Innovative clinical research is turning towards complementary treatments to better manage dementia
“What we are seeing now in research is a new strategy for developing treatments for Alzheimer’s Disease,” explains Dr. Simon Ducharme a neuropsychiatrist and the director of the Geriatric Psychiatry Division at McGill University.
In an individual with Alzheimer’s, abnormal levels of naturally occurring amyloid protein clump together to form plaques that collect between neurons and disrupt cell function. This year a new therapy (lecanemab) which uses antibodies to remove amyloid gained accelerated approval in the US. The approved treatment demonstrated a slowing of progression in the early stages of the disease.
“Now that treatments to slow progression are starting to be approved, we are looking to combine different mechanisms of action to better manage the disease. This is similar to oncology where we combine two or three different mechanisms of action to get to a significant effect in treatment,” observed Dr. Ducharme.
And increasing our ability to improve quality of life for patients facing neurocognitive disorders is crucial. The Alzheimer’s Association of Canada estimates that there will be over 1.5 million people in Canada living with dementia by 2050.
“Targeting Amyloid at its Source”
Dr. Ducharme is also one of the principal investigators for neurocognitive trials at the Clinical Research Unit at The Neuro (Montreal Neurological Institute-Hospital) which currently has a half dozen studies underway for dementia, investigating different approaches to treatments for mild cognitive impairment, as well as early and moderate Alzheimer’s Disease.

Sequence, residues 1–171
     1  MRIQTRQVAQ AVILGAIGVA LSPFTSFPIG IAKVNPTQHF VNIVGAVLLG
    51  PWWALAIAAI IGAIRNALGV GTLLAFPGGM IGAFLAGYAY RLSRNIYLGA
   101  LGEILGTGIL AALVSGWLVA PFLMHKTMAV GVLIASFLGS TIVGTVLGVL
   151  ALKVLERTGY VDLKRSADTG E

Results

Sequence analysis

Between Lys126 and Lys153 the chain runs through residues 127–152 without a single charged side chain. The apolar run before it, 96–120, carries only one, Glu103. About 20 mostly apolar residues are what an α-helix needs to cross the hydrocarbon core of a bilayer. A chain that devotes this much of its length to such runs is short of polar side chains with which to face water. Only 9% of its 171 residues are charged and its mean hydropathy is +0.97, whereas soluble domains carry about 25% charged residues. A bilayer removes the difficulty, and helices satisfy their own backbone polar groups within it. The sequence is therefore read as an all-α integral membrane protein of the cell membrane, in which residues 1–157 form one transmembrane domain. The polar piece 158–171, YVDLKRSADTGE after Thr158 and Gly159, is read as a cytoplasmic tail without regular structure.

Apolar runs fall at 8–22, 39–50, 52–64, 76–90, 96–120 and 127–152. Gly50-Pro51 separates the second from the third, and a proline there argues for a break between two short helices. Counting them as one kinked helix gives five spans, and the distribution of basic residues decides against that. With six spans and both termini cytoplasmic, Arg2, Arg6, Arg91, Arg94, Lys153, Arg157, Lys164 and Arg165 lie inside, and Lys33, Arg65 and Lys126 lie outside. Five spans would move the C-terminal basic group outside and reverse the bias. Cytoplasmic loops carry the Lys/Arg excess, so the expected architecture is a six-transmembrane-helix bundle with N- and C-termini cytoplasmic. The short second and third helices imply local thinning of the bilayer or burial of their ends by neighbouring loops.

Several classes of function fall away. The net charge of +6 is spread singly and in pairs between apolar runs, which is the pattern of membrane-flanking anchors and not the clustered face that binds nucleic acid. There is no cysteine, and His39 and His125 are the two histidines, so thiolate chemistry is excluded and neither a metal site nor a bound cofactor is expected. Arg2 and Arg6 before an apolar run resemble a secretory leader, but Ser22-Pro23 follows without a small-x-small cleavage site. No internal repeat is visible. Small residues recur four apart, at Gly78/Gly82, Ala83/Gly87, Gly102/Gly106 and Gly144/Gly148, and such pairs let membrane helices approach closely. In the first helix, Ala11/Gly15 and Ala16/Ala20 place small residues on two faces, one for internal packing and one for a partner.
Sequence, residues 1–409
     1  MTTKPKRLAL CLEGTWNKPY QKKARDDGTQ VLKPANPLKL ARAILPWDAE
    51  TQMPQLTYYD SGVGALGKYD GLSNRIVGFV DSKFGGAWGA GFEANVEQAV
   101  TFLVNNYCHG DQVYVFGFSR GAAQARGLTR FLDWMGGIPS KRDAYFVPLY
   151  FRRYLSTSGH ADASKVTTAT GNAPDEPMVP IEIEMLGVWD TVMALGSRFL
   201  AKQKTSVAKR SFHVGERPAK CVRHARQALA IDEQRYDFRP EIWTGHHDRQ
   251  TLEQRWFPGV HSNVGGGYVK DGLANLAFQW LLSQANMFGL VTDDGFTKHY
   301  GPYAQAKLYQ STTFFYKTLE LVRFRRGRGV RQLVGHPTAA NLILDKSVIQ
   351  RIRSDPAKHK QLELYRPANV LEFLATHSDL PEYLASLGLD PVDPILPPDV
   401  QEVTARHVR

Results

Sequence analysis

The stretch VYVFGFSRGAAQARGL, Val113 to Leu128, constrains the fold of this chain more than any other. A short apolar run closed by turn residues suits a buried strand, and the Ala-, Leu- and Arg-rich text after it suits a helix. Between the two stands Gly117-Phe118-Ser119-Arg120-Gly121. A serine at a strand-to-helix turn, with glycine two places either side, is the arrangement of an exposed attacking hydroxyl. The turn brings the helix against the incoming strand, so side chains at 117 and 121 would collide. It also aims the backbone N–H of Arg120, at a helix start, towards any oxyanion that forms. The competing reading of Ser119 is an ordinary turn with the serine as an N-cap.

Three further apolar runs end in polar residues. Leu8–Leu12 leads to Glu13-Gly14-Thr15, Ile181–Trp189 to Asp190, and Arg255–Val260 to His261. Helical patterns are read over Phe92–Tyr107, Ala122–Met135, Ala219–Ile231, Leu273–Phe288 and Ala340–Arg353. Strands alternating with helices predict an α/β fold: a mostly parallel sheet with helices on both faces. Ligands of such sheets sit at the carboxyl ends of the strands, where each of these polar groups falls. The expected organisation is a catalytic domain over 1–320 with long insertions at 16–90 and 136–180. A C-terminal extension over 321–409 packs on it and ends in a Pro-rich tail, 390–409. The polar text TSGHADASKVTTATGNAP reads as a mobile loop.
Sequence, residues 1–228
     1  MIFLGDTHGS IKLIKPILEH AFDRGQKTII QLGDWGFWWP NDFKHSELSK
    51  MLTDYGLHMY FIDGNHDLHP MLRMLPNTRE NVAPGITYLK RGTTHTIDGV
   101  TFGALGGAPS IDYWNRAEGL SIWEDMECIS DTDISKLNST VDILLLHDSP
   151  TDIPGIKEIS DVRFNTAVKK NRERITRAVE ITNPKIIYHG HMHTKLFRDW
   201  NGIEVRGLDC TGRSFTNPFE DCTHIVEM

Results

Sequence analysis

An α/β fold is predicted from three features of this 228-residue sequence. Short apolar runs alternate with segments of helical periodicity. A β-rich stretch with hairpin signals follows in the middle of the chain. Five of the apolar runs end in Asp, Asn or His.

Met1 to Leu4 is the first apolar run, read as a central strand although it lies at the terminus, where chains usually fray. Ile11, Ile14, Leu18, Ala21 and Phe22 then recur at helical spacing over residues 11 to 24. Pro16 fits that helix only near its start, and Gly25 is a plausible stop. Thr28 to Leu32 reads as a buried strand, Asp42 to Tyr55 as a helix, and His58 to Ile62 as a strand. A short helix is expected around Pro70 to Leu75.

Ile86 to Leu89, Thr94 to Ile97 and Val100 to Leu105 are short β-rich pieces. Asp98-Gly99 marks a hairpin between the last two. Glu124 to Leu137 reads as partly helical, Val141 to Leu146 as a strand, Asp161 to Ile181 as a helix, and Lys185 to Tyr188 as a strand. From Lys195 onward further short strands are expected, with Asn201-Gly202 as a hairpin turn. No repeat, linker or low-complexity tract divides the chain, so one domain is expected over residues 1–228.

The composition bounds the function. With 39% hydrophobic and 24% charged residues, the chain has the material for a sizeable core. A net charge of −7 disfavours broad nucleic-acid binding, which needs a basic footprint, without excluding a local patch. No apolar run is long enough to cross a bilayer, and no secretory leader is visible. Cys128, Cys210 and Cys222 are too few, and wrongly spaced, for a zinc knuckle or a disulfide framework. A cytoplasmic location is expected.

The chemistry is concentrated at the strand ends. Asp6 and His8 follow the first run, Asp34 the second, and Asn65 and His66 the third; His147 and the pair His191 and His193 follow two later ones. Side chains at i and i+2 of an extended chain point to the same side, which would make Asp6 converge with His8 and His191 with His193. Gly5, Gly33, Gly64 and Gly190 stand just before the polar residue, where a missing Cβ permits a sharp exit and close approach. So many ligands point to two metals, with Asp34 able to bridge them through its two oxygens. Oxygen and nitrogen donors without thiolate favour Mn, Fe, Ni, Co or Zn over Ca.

One of the current trials, ALN-APP-001 is testing an investigational drug with a new mechanism of action in the treatment of Alzheimer’s that uses a different approach than anything that has been tried previously. “The molecule being tested is designed to block the messenger RNA (gene transcription) of the amyloid precursor protein gene (APP) which is in charge of producing the amyloid that abnormally accumulates in the brain in people with Alzheimer’s Disease,” notes Dr. Ducharme. “What’s innovative here is the approach of intervening earlier in the production of amyloid plaque than existing treatments; the goal is to reduce the production of amyloid protein at the source, rather than waiting for it to build up and clear it.”
This Phase 1 trial is aimed at individuals with mild cognitive impairment and mild dementia due to early onset Alzheimer’s Disease, which affects patients under 65. According to the Alzheimer’s Society of Canada, young-onset dementia, including those with dementia caused by Alzheimer’s Disease, represent a small subset of total population of all people living with dementia in Canada, but they face increased challenges as they are usually still within the workforce and raising families.
Other studies that are in development will look to improve cognitive performance. “Alzheimer’s research in the last decade has been all about slowing progression as the ultimate goal. Upcoming studies are in line with earlier research that led to the development of therapies like donepezil (Aricept) that aim to improve cognitive performance and function,” explains Dr. Ducharme.
“It is encouraging that we have new approved therapies to offer patients, but we’re not satisfied with the magnitude of the effect. New studies that are targeting different mechanisms of action offer hope that we can eventually put them together like building blocks with existing treatments to have an effect that’s much more significant,” concludes Dr. Ducharme.
For more information on ongoing trials at the CRU, contact email@example.com or visit cru.mcgill.ca/ad.